|Topic:||a next-generation DNA sequencing platform .|
|Details:|| Methods for displaying large numbers of peptides on solid surfaces are essential for high-throughput characterization of peptide function and binding properties. Here we describe a method for converting the >107 flow cell-bound clusters of identical DNA strands generated by the Illumina DNA sequencing technology into clusters of complementary RNA, and subsequently peptide clusters. In this method, we modify the flow cell-bound primers with ribonucleotides enabling them to be used by poliovirus 3Dpol polymerase. The primers hybridize to the clustered DNA leading to RNA clusters. The RNAs fold into functional protein- or small molecule-binding aptamers. We next used the mRNA display approach to synthesize flow cell-tethered peptides from these RNA clusters. The peptides show selective binding to their cognate antibodies. The methods described here provide an approach for using DNA clusters to template peptide synthesis on an Illumina flow cell, providing new opportunities for massively parallel peptide-based assays.
Massively parallel biochemistry assays provides the ability to increase the throughput of biological discovery. Illumina next-generation sequencing (NGS) is one such example. Illumina sequencing requires the formation of >107 DNA clusters containing ~103 identical DNA strands. DNA sequencing is then performed at each cluster. Thus, the Illumina sequencing instrument is a platform for massively parallel, fluorescence-based reactions.
Currently, the Illumina instrument is limited to oligonucleotide-based reactions, but has not been used for peptide-based reactions. Recent studies showed that the strands of DNA within clusters can be transcribed to complementary RNA (cRNA)., RNA polymerase binds the DNA and transcribes until it is halted by a DNA-tethered roadblock protein, e.g. streptavidin or Tus. Thus, the product is a DNA-polymerase complex with a noncovalently attached RNA. Using this approach, massively parallel binding assays of fluorescent proteins to tethered RNA targets was described.,
Although RNA can be synthesized from the DNA clusters, there are no methods to synthesize peptides encoded by the DNA clusters. Here we describe the synthesis of model peptides directed by the sequence of the DNA clusters. This method utilizes a novel method to synthesize RNA from the DNA clusters such that the cRNA is covalently linked to the Illumina surface. The cRNA can be translated and the synthesized peptide remains attached to the clusters. We synthesize two peptides encoded by the DNA clusters and show that the resulting peptide clusters can be readily detected using epitope-specific antibodies. The methods described here provide an approach to utilize the Illumina platform to generate DNA clusters that encode peptide sequences, and then synthesize and display peptides. These methods could be potentially scaled to enable the sequence information of a DNA cluster to be linked to the encoded peptide, allowing Illumina flow cells to function as an addressable peptide display platform.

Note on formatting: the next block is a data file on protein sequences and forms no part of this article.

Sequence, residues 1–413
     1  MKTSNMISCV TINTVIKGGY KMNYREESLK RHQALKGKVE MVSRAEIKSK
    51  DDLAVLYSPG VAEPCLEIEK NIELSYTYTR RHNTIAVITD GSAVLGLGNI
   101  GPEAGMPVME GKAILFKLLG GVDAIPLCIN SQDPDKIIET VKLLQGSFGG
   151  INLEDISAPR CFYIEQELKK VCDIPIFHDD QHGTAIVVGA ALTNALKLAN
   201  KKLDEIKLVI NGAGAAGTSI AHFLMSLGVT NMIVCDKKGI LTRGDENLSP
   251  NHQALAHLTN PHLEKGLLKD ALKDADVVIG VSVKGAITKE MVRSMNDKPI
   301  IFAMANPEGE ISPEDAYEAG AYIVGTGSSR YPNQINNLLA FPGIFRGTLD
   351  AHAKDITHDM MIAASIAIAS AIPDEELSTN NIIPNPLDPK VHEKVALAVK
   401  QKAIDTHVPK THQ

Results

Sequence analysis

Strategy for synthesis of RNA on a next generation sequencing platform
To synthesize peptides encoded by DNA clusters, we first wanted to synthesize covalently-linked RNA on the flow cell. The current methods produce RNA that is noncovalently tethered to the DNA clusters via stalled RNA polymerase., These complexes can decompose over time and are assayed within 72 h of formation using loss-of-signal normalization techniques., To overcome this, we sought to generate covalently attached RNA. To do this, we took advantage of the DNA primers that are present on the flow cell surface that are used for creating the DNA clusters. Each DNA cluster is derived from one single-stranded (ss) DNA that is allowed to anneal to a flow cell-bound primer, followed by DNA polymerase-mediated synthesis of a complementary strand of DNA, a process called “bridge amplification.” After several rounds, a DNA cluster is formed with all DNA bound via their 5′ ends. Sequencing is performed by DNA polymerase using a primer and nucleotides with cleavable fluorescent tags.